These images of the latest Covid variant have revealed a big risk in our immunity. And experts are warning, a new wave might be on the way.
Evolution can’t be held back. Especially when it comes to the Covid-19 virus. Yet another variant has appeared. This time in India. And it appears adapted to evade our immune response.
It passes through 1000 generations each month. That’s more than enough genetic dice rolls for successful mutations to establish their dominance.
The latest coronavirus variant identified as a potential cause for concern is variant BA 2.75 – nicknamed “Centaurus”.
It was first identified in India, but has already been detected in Japan, Germany, the United Kingdom, the United States, New Zealand – and Australia.
“There’s minimal data about this variant so far,” says Austrian Academy of Sciences geneticist Dr Ulrich Elling.
“But it has a couple of attributes that have made us take notice.”
The Centaurus variant is a mutation of a mutation, developed from the older Omicron BA. 2 variant.
It’s the BA. 5 variant that is currently causing so much concern as it takes hold in Australia. What makes it more successful is the great ease with which it infects new hosts.
But BA. 2.75, which is only in the early stages of study, appears able to dodge any immunity built up against its parent BA.2.
Put simply, that means anyone who had Covid BA. 2 will be just as susceptible to catching it again as they were the first time around. And its even greater difference to BA. 5 could also result in a lack of immune system “recognition”.
European researchers have found BA. 2.75 to have eight extra spike protein mutations. These are the nodules found on the surface of a virus that act as “keys” to unlock a host’s cells.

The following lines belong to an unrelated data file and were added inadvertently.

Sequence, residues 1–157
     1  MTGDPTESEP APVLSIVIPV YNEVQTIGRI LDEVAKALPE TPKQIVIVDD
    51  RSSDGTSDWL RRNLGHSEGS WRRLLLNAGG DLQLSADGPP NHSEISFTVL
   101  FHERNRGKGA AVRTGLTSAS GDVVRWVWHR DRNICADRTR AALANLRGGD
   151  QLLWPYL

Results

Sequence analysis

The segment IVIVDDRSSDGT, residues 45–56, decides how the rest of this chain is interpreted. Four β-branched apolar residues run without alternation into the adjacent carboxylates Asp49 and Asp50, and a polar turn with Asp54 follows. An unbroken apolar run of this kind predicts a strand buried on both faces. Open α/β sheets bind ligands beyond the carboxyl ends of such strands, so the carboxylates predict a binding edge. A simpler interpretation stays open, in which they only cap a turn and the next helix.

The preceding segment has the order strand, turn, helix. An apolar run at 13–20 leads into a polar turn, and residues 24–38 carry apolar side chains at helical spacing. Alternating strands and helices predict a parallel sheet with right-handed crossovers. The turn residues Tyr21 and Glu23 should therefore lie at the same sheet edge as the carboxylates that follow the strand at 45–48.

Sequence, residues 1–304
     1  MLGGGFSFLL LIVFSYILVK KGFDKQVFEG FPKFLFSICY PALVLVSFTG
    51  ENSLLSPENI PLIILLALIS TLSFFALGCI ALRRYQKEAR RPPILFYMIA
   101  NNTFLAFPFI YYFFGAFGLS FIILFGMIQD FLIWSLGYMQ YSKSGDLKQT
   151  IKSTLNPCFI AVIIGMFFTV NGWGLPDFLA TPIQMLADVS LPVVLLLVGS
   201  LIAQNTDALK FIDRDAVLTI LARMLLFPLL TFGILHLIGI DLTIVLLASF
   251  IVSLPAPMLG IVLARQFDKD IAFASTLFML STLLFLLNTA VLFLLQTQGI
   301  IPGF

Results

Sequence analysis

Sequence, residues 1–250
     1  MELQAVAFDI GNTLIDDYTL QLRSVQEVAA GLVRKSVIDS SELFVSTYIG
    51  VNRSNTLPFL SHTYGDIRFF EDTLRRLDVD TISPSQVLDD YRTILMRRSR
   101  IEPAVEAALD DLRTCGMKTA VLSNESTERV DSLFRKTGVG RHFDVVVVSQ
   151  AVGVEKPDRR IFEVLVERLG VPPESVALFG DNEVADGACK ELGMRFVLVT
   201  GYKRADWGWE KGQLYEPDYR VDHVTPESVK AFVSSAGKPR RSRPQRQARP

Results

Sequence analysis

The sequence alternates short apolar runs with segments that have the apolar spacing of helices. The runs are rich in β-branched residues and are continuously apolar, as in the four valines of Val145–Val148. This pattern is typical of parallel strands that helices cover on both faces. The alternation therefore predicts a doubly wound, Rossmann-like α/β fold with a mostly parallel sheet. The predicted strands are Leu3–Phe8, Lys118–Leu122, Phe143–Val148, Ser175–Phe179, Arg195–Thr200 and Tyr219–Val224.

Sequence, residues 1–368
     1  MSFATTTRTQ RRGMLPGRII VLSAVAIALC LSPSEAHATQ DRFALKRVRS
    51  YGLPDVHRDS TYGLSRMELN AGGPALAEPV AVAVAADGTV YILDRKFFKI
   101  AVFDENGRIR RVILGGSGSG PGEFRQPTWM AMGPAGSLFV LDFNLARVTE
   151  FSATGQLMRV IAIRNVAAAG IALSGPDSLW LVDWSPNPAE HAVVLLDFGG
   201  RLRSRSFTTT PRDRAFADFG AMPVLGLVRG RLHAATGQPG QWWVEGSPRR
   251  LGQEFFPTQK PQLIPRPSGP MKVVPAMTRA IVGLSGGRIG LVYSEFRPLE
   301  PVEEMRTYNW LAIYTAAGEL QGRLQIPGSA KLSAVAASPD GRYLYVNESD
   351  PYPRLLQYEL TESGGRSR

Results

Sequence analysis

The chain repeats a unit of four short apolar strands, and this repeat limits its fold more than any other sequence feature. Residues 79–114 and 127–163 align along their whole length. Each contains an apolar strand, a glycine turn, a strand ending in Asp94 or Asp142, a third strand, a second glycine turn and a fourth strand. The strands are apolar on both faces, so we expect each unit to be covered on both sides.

The locations of these “keys” give scientists clues about their capabilities.
In the case of BA. 2.75, they’re clustered in a way that could conceal its identity to an immune system familiar with its parent.
And that makes it even more distinct from the current dominant coronavirus strain – BA.5.
They’re in what’s called the N-terminal domain (NTD) – one of the more prominent protuberances of the virus.
“The NTD is decorated with mutations in BA. 2.75 in and around the neutralising antibody binding “supersite” and could thus enhance immune evasion in that region,” Dr Elling explains.
And circumstantial evidence supports this: BA. 2.75 has already been able to establish footholds around the world with extraordinary speed.
Dr Elling says the number of mutations in BA. 2.75 is “remarkable”. Omicron Delta had a similar number, but just three mutations were enough to supercharge BA.5.
“Thus, the 11 mutations distinct between BA. 5 and BA. 2.75 could allow for yet another wave as BA. 5 immunity might not protect,” Dr Elling warns.
“I really hope this highly speculative thread will turn out to be a false alarm!”
Know your enemy
“Before we are done with the BA. 5 wave, we might already have to prepare for the next,” Dr Elling tweeted.
“Confirmed cases are very few still today. But the international distribution excludes sequencing errors and makes it highly likely that the real numbers are way higher.”
And the warning signs are in place.
“It is really too early to know if BA. 2.75 will take over relative to BA. 2 or even relative to BA. 5,” he adds, “but it is remarkable to note that BA. 2.75 carries alternative “solutions” in the regions mutated in BA.5.”
Viruses evolve fastest in chronic infections. It’s where one host’s immune system spends the greatest time fighting back. And the weakened nature of that fightback exposes multiple generations of the virus to a greater variety of “counter-attacks”. Those mutations that dodge these counter-attacks then go on to breed.
Imperial College London virologist Tom Peacock said he believed such cases were likely to be the cause of such significant changes seen in the likes of BA. 2.75.
“None of these individually really flag as that worrying but all appearing together at once is another matter,” he tweeted.
The true strength of BA. 2.75 will be known within weeks.
BA. 5 was first identified in February. It made up 5 per cent of all Australian Covid-19 infections by April. By the end of June, it was 40 per cent.
“It looks like something is headed toward us,” says Dr Elling. “But there’s no sure-fire evidence just yet.”